The government itself reports the short-lived carbon price is responsible for reducing emissions by 40 million tonnes compared to business as usual. This figure is one of the foundations of the claim that it has become easier for Australia to reach its minimum 5 per cent emission reduction target.

fact check of the Minister’s emission claims made the point that electricity emission reductions under the carbon price were mainly due to hydro generators running down their water supplies to take advantage of temporarily higher wholesale electricity prices. This effect overstates the short-term impact of the carbon price.

On the other hand, some companies that might have invested in emission reductions if the price was expected to stay in force may have held off instead (perhaps to wait to be paid to do so through the Emission Reduction Fund). This would understate the impact of the carbon price.

ClimateWorks Australia found that carbon price uncertainty affected investment decisions across a range of industries. This is very important to remember because the real value of the carbon price is its effect on medium- and longer-term decision-making.

It is important to remember that the fixed price was due to switch this year to a trading scheme with a national emission limit. The legislated default limit would have started at 12 million tonnes below the priced emissions of 2012-13 (and fallen another 12 million tonnes each year). This means that the short-term hydro effect would have contributed to deeper national emission reductions over following years. Electricity companies would have had to make up for the fall in hydro supply and the rise in coal emissions by finding reductions elsewhere in the economy and/or by accessing international permits. We estimated that just the default cap could have cut Australia’s net emissions by 15 per cent by 2020.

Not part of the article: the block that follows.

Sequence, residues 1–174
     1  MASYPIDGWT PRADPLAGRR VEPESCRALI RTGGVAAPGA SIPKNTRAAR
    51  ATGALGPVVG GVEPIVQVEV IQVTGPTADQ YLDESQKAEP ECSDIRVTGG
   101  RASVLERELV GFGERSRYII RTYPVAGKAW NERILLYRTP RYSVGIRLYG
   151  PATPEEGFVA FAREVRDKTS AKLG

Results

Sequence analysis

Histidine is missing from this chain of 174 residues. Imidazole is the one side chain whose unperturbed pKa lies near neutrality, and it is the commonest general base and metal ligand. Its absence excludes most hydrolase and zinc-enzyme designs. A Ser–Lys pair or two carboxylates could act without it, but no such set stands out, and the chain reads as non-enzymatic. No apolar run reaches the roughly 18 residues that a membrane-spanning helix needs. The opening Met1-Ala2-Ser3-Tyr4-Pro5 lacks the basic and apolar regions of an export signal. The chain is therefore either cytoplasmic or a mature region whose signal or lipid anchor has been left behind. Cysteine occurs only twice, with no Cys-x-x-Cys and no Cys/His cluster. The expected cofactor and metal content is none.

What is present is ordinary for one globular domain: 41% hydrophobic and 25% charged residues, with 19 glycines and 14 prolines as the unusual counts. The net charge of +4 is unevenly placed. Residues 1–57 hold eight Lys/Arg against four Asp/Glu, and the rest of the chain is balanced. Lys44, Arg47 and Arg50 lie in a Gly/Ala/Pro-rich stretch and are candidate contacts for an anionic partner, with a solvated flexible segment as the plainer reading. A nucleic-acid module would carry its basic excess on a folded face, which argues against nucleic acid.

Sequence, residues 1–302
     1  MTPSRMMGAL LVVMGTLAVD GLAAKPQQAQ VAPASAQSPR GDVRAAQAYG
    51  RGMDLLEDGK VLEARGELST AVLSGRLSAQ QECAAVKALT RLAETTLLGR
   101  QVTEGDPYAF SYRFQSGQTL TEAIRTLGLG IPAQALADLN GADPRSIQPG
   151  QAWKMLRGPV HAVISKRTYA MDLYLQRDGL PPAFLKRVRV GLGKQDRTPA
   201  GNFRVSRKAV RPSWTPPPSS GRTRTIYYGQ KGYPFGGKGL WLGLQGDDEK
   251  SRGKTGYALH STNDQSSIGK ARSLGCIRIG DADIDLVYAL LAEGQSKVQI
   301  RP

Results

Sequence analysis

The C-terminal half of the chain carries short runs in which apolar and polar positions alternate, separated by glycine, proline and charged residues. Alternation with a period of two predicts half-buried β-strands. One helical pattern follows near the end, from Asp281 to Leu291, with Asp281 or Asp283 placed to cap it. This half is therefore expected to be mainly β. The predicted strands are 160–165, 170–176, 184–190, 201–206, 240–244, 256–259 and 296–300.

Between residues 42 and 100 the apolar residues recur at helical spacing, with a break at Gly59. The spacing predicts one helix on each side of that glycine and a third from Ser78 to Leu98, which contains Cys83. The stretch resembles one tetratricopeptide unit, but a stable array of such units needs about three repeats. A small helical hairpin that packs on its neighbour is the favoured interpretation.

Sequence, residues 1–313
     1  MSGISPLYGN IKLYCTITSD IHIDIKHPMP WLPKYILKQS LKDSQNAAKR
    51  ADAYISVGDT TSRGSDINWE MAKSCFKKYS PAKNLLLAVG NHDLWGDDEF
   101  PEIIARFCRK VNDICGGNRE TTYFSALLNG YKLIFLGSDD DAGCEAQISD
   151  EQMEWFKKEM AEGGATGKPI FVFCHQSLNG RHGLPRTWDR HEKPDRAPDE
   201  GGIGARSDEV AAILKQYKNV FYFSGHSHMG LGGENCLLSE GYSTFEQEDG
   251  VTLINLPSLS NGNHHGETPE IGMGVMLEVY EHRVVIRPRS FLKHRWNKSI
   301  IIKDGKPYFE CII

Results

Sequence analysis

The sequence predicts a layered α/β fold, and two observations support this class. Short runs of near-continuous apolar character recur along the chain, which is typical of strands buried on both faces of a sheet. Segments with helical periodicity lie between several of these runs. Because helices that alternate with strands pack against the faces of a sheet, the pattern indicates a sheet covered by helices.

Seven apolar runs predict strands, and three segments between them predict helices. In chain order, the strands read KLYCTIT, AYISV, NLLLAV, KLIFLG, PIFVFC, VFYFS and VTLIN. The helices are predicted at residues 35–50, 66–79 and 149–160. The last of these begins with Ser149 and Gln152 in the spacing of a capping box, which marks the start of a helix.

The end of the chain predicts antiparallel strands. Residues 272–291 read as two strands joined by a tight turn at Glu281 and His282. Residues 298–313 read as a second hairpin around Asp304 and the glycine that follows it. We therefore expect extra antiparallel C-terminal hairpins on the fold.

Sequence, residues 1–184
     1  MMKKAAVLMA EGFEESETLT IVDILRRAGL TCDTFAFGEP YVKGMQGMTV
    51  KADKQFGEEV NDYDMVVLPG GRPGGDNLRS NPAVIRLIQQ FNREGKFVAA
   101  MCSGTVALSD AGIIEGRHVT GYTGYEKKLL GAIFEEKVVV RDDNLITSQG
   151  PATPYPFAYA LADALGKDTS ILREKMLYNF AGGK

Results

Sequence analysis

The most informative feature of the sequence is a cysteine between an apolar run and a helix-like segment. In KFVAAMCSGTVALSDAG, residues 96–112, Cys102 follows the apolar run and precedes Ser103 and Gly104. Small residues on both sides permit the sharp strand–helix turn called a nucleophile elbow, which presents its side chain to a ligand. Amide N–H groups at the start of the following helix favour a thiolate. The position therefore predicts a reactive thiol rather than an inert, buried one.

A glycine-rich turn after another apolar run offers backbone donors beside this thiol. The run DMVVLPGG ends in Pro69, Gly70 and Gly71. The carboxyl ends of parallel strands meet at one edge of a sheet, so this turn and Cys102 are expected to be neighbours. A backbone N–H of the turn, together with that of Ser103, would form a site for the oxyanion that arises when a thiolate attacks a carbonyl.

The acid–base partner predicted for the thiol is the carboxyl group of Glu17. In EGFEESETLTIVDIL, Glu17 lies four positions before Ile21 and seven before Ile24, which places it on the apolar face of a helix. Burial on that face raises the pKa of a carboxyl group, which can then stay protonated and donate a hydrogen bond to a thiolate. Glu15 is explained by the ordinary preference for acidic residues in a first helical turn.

What about the impact on electricity prices? The Minister claimed electricity bills are 9 per cent lower than they would have been if the carbon laws had been kept.

In fact, the previous government projected a 9 per cent increase in power prices due to the carbon price, and supported middle- and low-income households accordingly with tax cuts and pension increases. Actual impacts were slightly lower: abolishing the carbon price lowered electricity prices by 6.9 per cent in NSW, 8.3 per cent in Qld and 7.7 per cent in Victoria. SA and Tasmania saw even lower falls.  Budget papers showed the inflation impact was, as expected, less than one per cent.